“Public Knowledge tends to view mergers with a skeptical eye. In this case, it will help to hear more definitive information about the companies’ plans. For example, does AT&T plan to frame this as allowing it to compete more effectively with Comcast? If so, that is yet another reason why policymakers should be skeptical of the pending Comcast/Time Warner Cable transaction. We also need to know more about whether AT&T plans to offer some kind of wireless/pay TV bundle, and what kinds of services it could offer in both U-Verse territories and nationwide. Policymakers will have to ask a lot of tough questions when looking at this deal.

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AT&T Seals $48B+ Deal To Acquire DirecTV

By | Sunday May 18, 2014 @ 2:37pm PDT

AT&TAT&T has finalized its deal to acquire DirecTV, the nation’s No. 1 satellite TV provider, for $94 per share. The boards of the respective companies reportedly came to terms of the $48.5 billion stock and cash deal over the weekend in a major tie-up creates a pay-TV powerhouse that would have a similar scale and in some ways act as a response to Comcast’s proposed $45B merger with with Time Warner Cable and is just the latest major proposed consolidation in the TV and telecom industries.

Related:
Are DirecTV And AT&T Becoming Serious About Making A Deal?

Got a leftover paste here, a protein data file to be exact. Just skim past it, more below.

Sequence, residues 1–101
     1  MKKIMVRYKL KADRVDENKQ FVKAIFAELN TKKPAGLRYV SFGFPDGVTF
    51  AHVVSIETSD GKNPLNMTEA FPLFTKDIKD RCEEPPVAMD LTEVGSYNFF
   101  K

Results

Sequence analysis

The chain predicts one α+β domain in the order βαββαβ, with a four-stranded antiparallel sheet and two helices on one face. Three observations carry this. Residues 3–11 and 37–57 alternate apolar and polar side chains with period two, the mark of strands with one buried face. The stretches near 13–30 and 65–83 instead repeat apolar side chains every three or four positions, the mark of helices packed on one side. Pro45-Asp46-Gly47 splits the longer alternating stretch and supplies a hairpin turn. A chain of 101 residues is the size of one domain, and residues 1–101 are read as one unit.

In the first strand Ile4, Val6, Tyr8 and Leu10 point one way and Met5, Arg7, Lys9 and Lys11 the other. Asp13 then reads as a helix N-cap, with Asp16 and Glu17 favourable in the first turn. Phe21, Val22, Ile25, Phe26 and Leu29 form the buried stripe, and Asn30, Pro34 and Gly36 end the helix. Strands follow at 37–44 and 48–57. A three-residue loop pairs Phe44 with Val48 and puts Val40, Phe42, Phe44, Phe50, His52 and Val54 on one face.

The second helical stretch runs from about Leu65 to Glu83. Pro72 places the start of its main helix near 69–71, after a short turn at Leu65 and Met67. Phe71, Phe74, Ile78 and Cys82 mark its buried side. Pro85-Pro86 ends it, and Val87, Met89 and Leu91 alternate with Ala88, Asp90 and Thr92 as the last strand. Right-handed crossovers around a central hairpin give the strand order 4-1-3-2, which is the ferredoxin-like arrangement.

DirecTV Shares Up On Report That A Deal With AT&T Is Near

direcTV__130523212608AT&T has an existing partnership with the satellite giant to sell its service in areas where it offers broadband but doesn’t offer its U-verse TV service, which has 5.7M subscribers. DirecTV has about 20M subs. The broadband expansion will cover 70M customer locations. Under the terms of the deal DirecTV’s operations will continue to be based in El Segundo, CA.

Deal will also allow AT&T to boost broadband speeds and expand its high speed broadband service to 15M customer locations including rural areas not currently wired, to be completed within four years. DirecTV customers can retain their standalone service packages for three years.

DirecTV stock has been hovering around record highs the past week amid rising rumors that … Read More »

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DirecTV Shares Up On Report That A Deal With AT&T Is Near

By | Monday May 12, 2014 @ 2:39pm PDT

direcTV__130523212608The No. 1 satellite company is +6.3% in post market trading after the Wall Street Journal reported that DirecTV and AT&T are “moving quickly” and could make an announcement within two weeks. The paper says AT&T may offer cash and stock that values DirecTV at $50B, a 12.4% premium over its $44.5B market value based on today’s closing price. If DirecTV’s after hours trading price of about $92.65 a share holds, then it would set a new record high for the stock, which is up 13.8% since the end of April when reports of the talks with AT&T surfaced. Last week DirecTV CEO Michael White sought to besmirch the accurate reports about the talks with AT&T as little more than “media rumors and speculation.” He added that the reports “are not based on official sources of information” but did not contradict them.